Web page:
Maryland recently became the newest legal battleground for Uber, the popular ride-sharing service that is facing unfair-competition lawsuits in at least three other states.
But the action in Maryland by nearly 30 cab companies appears to be unique because it also claims Uber violates antitrust laws by fixing prices and engaging in predatory pricing.
Several antitrust lawyers not involved in the case said they were skeptical the antitrust argument would succeed in court.
“Antitrust laws protect competition, not competitors,” said Michael F. Brockmeyer, a Washington lawyer who teaches antitrust law at the University of Maryland Francis King Carey School of Law.
Or, as Benjamin Rosenberg, chairman of Rosenberg Martin Greenberg LLP in Baltimore, put it: “Uber is acting as a disruptor to a regulatory scheme. That’s exactly what antitrust laws were intended to promote.”
The action, filed Thursday in Baltimore City Circuit Court, comes three months after a public utility law judge for the Maryland Public Service Commission determined San Francisco-based Uber is a “common carrier,” like a taxi service, and therefore subject to the same PSC oversight.
Uber, which has appealed the PSC decision, has threatened to leave the state if it faces the same regulations as traditional transportation providers.
Despite the ruling, the cab companies filed suit because they anticipate Uber will “litigate and drag out the PSC case as long as they can,” according to Dwight Kines, vice president for the Mid-Atlantic Region for Veolia Transportation, which owns and operates Baltimore-based Yellow Cab Co. and Checker Cab Association Inc., the two lead plaintiffs in the suit. (Yellow Cab and Checker own nearly all the other plaintiff companies.)
Kines said the cab companies know Uber “is here to stay” and aren’t trying to put ride-sharing companies out of business.
“We just want to level the playing field,” he said. “They don’t have very far to go to comply with common-carrier laws. That’s all we ask for.”
Uber spokesman Taylor Bennett said the company cannot comment on pending litigation but “will vigorously defend the rights of riders to enjoy competition and choice and for drivers to build their own small business.”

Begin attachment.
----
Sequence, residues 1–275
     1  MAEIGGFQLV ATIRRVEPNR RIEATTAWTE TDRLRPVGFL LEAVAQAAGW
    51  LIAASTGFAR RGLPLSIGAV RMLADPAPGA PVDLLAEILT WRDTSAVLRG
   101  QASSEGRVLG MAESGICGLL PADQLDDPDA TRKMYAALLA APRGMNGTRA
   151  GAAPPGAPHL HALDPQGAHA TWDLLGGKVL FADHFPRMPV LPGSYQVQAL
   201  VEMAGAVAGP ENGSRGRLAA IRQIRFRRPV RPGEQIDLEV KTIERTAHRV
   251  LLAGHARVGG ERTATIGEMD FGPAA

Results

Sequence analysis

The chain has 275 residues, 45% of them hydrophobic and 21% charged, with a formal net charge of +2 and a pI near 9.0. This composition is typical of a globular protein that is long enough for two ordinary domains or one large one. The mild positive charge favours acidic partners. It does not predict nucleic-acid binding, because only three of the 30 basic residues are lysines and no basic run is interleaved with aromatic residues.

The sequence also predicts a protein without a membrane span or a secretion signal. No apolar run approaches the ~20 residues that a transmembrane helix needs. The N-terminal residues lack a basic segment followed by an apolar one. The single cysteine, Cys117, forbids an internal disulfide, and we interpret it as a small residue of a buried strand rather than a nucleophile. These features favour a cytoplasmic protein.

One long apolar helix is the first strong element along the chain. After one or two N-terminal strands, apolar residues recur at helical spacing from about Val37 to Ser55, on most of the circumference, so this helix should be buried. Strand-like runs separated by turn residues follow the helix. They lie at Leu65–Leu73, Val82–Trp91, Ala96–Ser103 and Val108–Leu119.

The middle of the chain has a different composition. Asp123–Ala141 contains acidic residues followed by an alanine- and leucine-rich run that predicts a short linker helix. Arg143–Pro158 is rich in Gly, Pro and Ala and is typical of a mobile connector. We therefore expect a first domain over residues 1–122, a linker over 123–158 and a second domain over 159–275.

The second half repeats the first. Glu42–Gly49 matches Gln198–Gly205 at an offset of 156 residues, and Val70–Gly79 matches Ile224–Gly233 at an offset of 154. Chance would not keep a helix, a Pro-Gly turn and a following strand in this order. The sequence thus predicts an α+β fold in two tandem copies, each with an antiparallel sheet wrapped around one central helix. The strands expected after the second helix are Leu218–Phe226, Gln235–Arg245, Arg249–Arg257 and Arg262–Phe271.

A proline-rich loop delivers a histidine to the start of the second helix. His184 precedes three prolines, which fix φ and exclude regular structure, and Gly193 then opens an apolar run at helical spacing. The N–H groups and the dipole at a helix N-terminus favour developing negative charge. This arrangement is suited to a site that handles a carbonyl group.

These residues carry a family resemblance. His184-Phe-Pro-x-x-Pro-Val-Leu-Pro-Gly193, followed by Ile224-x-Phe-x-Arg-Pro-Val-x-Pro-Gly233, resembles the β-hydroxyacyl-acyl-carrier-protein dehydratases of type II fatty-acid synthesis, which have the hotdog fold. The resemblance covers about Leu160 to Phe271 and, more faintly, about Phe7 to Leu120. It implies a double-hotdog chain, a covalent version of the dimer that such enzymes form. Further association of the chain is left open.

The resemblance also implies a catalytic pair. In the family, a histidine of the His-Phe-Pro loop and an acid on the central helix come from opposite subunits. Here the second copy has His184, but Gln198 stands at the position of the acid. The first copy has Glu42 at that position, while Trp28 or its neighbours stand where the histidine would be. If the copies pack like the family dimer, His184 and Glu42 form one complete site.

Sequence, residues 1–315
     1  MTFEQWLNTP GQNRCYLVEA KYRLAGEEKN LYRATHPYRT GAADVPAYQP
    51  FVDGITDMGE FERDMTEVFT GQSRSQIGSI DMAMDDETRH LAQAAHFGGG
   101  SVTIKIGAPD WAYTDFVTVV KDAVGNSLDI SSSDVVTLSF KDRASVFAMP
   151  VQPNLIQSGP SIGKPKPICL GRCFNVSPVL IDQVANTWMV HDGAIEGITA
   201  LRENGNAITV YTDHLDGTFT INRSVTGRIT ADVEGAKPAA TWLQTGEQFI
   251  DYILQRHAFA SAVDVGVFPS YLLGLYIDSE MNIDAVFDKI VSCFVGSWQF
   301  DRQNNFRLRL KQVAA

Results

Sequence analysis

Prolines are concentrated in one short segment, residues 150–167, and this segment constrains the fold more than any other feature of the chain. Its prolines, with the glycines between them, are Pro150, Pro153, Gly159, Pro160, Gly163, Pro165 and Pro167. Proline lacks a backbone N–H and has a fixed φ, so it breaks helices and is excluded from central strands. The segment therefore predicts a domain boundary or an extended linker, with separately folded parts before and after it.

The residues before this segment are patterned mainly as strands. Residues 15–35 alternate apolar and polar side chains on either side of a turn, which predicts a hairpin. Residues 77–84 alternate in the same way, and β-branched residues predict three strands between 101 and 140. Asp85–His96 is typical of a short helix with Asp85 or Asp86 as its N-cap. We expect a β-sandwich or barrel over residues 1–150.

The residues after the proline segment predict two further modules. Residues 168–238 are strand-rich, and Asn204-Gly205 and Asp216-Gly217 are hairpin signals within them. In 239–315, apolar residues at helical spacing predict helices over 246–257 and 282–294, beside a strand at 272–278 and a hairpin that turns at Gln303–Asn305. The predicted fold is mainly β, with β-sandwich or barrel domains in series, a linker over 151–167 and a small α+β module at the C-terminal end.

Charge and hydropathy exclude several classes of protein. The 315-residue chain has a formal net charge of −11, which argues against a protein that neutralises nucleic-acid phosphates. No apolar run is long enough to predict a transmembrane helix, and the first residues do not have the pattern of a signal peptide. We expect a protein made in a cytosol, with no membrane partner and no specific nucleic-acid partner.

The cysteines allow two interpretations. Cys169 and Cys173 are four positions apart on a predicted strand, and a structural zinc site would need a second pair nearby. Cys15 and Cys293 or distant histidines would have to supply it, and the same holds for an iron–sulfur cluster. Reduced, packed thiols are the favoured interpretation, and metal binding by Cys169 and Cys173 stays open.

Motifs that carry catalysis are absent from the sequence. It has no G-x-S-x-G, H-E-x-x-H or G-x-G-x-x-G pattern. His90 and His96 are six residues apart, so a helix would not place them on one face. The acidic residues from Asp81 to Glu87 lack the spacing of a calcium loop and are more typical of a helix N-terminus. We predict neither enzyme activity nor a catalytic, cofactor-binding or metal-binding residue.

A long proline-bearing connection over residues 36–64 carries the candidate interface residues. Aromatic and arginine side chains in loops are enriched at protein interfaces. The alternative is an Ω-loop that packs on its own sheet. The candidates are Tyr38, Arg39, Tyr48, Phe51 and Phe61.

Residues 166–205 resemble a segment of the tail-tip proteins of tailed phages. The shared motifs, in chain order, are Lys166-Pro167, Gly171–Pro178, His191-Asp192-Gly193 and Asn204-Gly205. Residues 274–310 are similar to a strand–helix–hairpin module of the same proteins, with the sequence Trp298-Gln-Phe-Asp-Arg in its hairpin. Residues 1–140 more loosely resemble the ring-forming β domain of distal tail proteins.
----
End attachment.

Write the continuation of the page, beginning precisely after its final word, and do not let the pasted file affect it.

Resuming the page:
The Maryland action, much like federal suits filed in Connecticut, Texas and Illinois, claims Uber is “dismantling decades of laws and regulations governing the vehicle transportation industry.”
For their antitrust claim, the Maryland cab companies allege Uber fixes maximum rates “significantly below” those permitted by the PSC for cabs in Baltimore city and Montgomery County. The cab companies also allege Uber is cutting prices in an effort to put cabs and drivers out of business.
The result, the plaintiffs say, will force cab companies “into a downward spiral whereby Uber uses price-fixing to monopolize both the high and low end of the taxicab market … leaving compliant taxicab companies with a shrinking consumer base increasingly dominated by marginal consumers.”
But William E. Berlin, a principal with Ober|Kaler in Washington, said antitrust price-fixing allegations usually involve setting higher prices, not lower ones. Uber’s prices are also set by the company alone, not multiple competitors conspiring together, he said.
To prove predatory pricing, Berlin added, the cab companies would have to show Uber kept prices low until it drove rivals out of the marketplace, then raised prices to recoup its losses.
“That doesn’t strike me as Uber’s business mode,” he said.
Brockmeyer, a partner at Frommer Lawrence & Haug LLP, agreed.
“If Uber tries to raise prices, you’re going to get someone else to enter the market at a lower price,” he said.
The cab companies, along with several drivers, seek to restrain Uber “from maliciously interfering with Plaintiffs’ businesses” and require it to comply with state regulations. They also seek unspecified damages.
The case is The Yellow Cab Company, et al. v. Uber Technologies Inc., et al., 24C14004064.